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Govt to amend AERAI Bill to appoint ombudsman

Government decides to amend a Bill to appoint an ombudsman for regulating tariff structure at all airports as also competition among fuel suppliers there.

india Updated: Aug 29, 2008 14:54 IST

Government on Friday decided to amend a Bill to appoint an ombudsman for regulating tariff structure at all airports as also competition among fuel suppliers there.

The Union Cabinet, at its meeting chaired by Prime Minister Manmohan Singh, decided to accept several recommendations of the department-related Parliamentary Standing Committee on the Airports Economic Regulatory Authority of India Bill, 2007.

The Cabinet decided to move amendments to the Bill, pending in Lok Sabha since last September, in the coming session of Parliament, Science and Technology Minister Kapil Sibal told reporters in New Delhi.

Once the Bill is approved, it would be notified in three months, a Civil Aviation Ministry spokesperson said.

The Standing Committee had, among several things, recommended that AERA should be empowered to decide on both aeronautical and non-aeronautical services tariffs and the fuel supply infrastructure at airports should be brought under its purview.

Besides, it wanted the authority's functions to cover all airports across the country, irrespective of size or ownership.

The government fully accepted four recommendations of the parliamentary panel and partially accepted two, including the one on fuel infrastructure at airports.

The government decided to partially accept the recommendation regarding inclusion of non-aeronautical revenue in the ambit of the AERA.

While charges relating to core services like landing, parking, communication, navigation and air traffic control were the complete monopoly of the airport operator, the non-core services like office space, car parking, food, etc, denote non-aeronautical services.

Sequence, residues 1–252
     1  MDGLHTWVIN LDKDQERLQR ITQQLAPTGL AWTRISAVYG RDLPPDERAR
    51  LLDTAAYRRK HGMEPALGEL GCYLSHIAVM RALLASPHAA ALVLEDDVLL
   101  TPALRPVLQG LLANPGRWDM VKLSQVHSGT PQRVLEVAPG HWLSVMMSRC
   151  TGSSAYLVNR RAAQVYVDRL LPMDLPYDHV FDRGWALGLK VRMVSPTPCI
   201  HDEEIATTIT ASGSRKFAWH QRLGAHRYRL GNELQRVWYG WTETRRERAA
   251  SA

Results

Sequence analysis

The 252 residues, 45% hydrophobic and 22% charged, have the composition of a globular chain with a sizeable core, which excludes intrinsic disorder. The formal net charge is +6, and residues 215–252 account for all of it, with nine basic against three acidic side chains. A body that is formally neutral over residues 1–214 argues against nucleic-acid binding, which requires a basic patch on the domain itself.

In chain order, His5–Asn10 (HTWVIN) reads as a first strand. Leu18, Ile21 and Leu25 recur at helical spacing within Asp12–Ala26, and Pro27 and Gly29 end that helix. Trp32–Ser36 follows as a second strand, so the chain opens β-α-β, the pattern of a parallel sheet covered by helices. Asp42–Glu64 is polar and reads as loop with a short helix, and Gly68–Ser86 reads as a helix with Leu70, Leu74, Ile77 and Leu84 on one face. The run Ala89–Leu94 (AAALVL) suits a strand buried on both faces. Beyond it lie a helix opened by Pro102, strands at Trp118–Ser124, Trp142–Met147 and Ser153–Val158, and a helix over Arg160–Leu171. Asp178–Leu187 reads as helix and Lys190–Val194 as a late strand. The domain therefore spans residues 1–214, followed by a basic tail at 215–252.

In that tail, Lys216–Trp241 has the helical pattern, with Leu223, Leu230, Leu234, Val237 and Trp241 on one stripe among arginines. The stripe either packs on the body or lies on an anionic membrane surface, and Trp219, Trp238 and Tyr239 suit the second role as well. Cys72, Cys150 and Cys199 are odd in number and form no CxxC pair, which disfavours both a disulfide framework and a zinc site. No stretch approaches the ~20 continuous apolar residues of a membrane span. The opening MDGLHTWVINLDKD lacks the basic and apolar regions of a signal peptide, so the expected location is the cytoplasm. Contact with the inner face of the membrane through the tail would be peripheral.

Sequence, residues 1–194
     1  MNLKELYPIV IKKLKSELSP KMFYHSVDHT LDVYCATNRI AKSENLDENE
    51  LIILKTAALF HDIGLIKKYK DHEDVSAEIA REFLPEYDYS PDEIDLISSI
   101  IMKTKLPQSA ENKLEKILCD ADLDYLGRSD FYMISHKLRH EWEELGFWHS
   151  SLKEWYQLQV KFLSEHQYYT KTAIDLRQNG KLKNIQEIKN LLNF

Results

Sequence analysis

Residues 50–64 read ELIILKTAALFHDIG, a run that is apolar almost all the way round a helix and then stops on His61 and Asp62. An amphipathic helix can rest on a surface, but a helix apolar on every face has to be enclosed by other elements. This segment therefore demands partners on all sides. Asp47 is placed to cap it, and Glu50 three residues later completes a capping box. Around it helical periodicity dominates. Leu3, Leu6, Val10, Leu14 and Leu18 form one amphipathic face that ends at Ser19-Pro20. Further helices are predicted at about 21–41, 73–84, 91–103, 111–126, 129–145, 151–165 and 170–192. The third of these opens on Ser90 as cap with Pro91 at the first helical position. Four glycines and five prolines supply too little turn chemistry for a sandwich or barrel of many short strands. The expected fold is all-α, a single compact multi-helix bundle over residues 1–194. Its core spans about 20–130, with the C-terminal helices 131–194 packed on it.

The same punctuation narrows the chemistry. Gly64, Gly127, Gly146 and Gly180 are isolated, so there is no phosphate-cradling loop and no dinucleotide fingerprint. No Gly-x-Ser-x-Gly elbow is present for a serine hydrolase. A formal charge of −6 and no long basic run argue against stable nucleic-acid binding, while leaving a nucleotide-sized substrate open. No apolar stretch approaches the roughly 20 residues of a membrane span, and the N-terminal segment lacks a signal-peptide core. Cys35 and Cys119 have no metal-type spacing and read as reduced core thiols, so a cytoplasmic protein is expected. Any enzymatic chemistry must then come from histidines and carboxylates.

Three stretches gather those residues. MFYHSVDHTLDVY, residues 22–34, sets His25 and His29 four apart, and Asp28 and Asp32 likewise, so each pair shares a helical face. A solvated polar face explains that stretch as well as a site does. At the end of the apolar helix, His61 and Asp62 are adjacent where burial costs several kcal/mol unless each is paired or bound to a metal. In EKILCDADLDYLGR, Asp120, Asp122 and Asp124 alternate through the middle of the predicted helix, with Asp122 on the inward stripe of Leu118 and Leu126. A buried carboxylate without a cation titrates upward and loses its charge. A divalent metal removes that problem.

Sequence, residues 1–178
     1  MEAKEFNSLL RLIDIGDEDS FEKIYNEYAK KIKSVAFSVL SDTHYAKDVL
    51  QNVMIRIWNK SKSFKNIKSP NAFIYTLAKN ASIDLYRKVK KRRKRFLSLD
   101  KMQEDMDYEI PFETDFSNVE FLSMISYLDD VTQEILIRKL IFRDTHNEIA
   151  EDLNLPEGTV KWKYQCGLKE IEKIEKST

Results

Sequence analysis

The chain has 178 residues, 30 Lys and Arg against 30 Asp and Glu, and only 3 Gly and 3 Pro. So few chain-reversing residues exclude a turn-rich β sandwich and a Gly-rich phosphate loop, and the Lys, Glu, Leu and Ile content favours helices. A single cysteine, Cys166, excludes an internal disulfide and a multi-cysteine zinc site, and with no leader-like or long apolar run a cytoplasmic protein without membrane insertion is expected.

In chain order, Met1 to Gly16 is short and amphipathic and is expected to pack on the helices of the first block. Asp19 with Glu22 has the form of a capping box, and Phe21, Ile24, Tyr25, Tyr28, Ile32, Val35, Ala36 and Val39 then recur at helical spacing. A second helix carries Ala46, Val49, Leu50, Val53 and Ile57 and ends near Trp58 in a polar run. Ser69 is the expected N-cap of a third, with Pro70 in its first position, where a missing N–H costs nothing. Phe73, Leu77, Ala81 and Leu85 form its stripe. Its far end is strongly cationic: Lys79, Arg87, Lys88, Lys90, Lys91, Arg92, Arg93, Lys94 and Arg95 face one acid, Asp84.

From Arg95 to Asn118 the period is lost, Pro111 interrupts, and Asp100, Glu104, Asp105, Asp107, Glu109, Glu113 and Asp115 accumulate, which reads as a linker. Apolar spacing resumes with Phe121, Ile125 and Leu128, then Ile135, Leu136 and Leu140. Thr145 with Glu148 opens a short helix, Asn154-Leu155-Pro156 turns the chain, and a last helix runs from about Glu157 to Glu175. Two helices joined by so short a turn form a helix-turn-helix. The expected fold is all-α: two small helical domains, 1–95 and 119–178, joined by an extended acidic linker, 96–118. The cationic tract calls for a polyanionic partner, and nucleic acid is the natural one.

The Ministry felt the non-aeronautical services should not be regulated per se, the revenue generated from them "may be taken as a factor relevant for determination of charges", the spokesperson said, adding that this would enable moderation of aeronautical charges through "maximisation of non-aeronautical revenues".

At most of the airports, there were more than one oil firm for supply of aviation turbine fuel (ATF) and they paid a throughput charge to the airport operator at mutually negotiated rates.

Visualising greater competition among the ATF suppliers and optimal utilisation of the fuel supply infrastructure, the Ministry felt that a common supply network was required to be developed at airports.

Like the Telecom Regulatory Authority, the AERA would seek to set quality standards and ensure a level-playing field for all airport operators in the country, including those in the private sector.

The need for a regulator was being increasingly felt as several major airports have gone into private hands. (MORE)

Besides fixing and approving the tariff structure for aeronautical services, the AERA is also expected to monitor pre-set performance standards at all airports in the country.

The draft Bill proposes that the authority would determine tariff structure for aeronautical services, including capital expenditure incurred and timely investment in improvement of airport facilities.

It would also determine the quality of services, improving efficiency, besides taking care of concessions offered by the Centre in any MoU.

The regulator would also determine the amount of development fees for major airports, the passenger service charges to be levied and also monitor the performance standards relating to quality and reliability of services.

It would also have powers to penalise any company or airline or government departments for non-compliance with its orders or directions and other offences.

It is understood that the Bill proposes hefty fines of up to Rs one lakh with provision to double the fine in case of subsequent offences.

The draft says that the authority would comprise of a chairperson and two others, to be appointed by the government, from people who have adequate knowledge and professional experience in aviation, economics, commerce and consumer affairs. The members would be whole-time appointees.

The AERA would also try and promote investments in airports and deal with the level of charges for several aeronautical activities like route navigation facilities, terminal navigation and landing.